- C. P. Lesley
Writing Tips: Down the Rabbit Hole
Updated: Jan 27
Or How Not to Get Lost in Your Research
C. P. Lesley
As a historical novelist, I do a lot of research. As the host of New Books in Historical Fiction, I interview people who do a lot of research. And since I was a historian before I became a historical novelist, I have to admit that I’m naturally drawn to research. In fact, it’s my favorite part of planning a novel: delving into areas I know nothing about, despite all the years I’ve spent studying early modern Russian history. I have in mind things like Tatar views of religion (The Golden Lynx and The Winged Horse, also Song of the Shaman), banditry in the northern forests (The Swan Princess), the politics of Renaissance Poland (Song of the Siren), sixteenth-century herbal medicine (The Golden Lynx, The Swan Princess, Song of the Steadfast), Ivan the Terrible’s bride shows (Song of the Storyteller), and, of course, the specific political events of any given year, which form the backdrop to all my Russian novels.
The catch is that, just as with characters’ backstories, writers need to know far more about the historical specifics than readers do. It’s a pretty safe bet to say that we’ve all read novels where the author couldn’t resist throwing in every tiny fact or descriptive detail that crossed their path, to the point where our eyes glaze over and we start to wonder whether we really need ten pages on the Battle of Wallingford to understand why the hero admires the heroine.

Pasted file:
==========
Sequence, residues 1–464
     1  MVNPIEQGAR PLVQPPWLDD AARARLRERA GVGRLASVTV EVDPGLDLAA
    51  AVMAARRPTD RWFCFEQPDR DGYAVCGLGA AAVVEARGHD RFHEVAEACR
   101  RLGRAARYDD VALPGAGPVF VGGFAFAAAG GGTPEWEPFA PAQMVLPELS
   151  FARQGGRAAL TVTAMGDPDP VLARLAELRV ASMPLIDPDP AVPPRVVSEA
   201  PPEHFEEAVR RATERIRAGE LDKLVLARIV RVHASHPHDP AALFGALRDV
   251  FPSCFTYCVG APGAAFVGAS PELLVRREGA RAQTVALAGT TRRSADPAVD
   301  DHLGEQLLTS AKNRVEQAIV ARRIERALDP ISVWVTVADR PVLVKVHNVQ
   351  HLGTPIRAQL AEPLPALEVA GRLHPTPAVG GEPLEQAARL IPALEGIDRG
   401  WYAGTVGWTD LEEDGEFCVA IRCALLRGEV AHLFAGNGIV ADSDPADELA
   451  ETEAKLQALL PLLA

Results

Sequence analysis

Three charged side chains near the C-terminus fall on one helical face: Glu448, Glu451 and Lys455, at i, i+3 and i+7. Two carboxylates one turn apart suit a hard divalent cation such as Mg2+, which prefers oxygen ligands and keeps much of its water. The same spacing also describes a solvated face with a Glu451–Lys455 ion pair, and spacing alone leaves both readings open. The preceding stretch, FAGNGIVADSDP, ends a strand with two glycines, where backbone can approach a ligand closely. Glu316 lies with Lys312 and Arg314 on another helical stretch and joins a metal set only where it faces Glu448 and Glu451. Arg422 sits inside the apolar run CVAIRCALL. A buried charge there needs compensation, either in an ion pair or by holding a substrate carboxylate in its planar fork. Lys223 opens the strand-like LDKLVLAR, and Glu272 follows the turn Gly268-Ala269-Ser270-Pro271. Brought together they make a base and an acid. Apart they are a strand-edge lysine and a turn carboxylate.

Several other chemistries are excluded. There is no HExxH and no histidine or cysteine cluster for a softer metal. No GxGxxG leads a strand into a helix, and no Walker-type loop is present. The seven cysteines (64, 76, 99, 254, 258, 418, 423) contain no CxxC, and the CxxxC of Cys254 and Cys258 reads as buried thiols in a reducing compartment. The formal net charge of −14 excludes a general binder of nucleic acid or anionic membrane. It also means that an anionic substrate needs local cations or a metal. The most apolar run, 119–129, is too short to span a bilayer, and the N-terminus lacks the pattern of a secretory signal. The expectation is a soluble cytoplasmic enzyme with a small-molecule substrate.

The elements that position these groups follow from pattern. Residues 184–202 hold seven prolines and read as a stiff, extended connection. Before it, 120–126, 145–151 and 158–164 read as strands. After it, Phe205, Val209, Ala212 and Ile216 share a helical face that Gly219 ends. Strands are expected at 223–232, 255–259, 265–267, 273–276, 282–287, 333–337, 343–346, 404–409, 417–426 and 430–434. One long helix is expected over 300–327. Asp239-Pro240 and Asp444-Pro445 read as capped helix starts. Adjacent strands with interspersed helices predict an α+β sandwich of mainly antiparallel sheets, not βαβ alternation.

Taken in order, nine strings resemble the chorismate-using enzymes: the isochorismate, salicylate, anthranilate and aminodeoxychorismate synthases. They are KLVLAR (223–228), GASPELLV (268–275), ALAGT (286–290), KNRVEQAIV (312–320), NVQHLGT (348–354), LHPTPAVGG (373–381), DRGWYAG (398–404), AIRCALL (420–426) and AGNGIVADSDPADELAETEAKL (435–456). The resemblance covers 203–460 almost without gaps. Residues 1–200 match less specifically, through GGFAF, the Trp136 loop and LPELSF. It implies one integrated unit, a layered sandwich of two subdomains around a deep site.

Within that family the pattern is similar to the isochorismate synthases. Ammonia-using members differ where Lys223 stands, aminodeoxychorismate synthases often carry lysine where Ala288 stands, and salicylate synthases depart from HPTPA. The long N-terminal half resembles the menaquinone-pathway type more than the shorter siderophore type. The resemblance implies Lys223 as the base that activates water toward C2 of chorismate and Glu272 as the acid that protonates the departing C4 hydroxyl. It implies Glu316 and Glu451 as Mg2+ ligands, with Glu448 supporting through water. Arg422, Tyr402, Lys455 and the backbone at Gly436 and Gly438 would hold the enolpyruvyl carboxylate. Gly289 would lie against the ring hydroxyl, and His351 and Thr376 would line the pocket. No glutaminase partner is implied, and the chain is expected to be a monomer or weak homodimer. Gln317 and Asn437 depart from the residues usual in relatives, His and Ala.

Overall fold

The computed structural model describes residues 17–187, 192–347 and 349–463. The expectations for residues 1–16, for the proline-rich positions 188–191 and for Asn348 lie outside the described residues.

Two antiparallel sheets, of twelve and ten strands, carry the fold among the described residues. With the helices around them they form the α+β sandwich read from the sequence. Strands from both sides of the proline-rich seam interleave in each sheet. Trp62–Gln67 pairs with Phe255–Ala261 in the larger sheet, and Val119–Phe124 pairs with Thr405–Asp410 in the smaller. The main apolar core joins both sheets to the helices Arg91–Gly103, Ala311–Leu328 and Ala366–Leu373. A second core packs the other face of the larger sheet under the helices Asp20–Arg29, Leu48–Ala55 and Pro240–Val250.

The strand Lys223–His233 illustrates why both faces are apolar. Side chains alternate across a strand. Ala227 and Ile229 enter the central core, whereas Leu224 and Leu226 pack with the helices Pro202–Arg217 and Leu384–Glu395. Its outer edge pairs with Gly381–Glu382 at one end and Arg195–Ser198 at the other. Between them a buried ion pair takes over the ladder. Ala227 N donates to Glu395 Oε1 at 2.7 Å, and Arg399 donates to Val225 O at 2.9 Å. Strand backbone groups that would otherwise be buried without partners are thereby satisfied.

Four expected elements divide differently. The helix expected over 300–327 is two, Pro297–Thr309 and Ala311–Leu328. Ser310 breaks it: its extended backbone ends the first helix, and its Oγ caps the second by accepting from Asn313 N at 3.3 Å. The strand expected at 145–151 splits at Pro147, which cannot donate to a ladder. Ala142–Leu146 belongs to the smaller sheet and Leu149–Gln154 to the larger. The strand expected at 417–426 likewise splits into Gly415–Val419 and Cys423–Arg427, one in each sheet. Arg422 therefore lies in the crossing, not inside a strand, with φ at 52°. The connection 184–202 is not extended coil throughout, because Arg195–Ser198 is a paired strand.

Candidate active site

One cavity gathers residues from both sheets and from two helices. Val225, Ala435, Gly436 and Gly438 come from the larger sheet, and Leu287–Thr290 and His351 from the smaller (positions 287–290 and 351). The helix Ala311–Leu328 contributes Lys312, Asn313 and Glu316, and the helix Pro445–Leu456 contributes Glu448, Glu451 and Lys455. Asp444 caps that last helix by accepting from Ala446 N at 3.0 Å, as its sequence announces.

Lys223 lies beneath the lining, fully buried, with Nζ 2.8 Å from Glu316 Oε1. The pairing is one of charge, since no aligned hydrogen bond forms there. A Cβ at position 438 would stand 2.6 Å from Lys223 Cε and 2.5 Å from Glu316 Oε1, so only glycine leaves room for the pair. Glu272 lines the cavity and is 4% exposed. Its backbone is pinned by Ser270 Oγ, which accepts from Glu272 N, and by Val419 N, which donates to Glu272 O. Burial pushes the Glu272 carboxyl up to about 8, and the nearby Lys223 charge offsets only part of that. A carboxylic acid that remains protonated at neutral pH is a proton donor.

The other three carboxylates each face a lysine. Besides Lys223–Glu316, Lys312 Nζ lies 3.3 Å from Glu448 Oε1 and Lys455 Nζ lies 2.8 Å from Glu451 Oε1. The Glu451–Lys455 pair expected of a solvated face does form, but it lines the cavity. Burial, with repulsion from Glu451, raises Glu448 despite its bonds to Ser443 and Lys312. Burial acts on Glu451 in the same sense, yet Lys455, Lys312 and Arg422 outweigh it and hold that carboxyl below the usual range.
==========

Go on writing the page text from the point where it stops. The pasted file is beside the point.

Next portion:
The problem extends beyond historical fiction, of course. I’ve struggled through contemporary romances where the author lovingly describes every Armani suit and ornamental flourish, fantasy and science fiction novels that spend more time building the world or explaining the technology than presenting characters I care about, and mysteries so focused on the appearance of a body that the personality of the victim fades from view. Without enough detail, a novel can’t come to life and pull the reader in, but too many details smother the story. So where do we draw the line? Or perhaps a better question, for those of us who see research as fun in and of itself, how do we rein ourselves in?
My own approach may not work for every author, but I’ve honed it over the years and pass it along for you to use as seems best to you. In short, I force my research to serve the story rather than exist on its own. Right at the beginning, when I’m thinking about a new book, I start with the characters. Who are the leads? What do they want, at this moment in their lives and long-term? How old are they, and what do they look like? Which social group do they belong to, and how does that affect them? What is their cultural background? Who will stop them from getting what they want?
The answers to most of these questions don’t require research, only imagination—although cultural backgrounds and the lives of people outside the elite can require a bit of digging, especially when the genre is historical. But once I have a sense of whom I’m dealing with and where and when, then I put in as much time as I need to find out, as specifically as possible, what was happening at that moment in history. This can be unexpectedly difficult: most history books don’t operate at the level of individual years, never mind months or days. But I get as close as I can.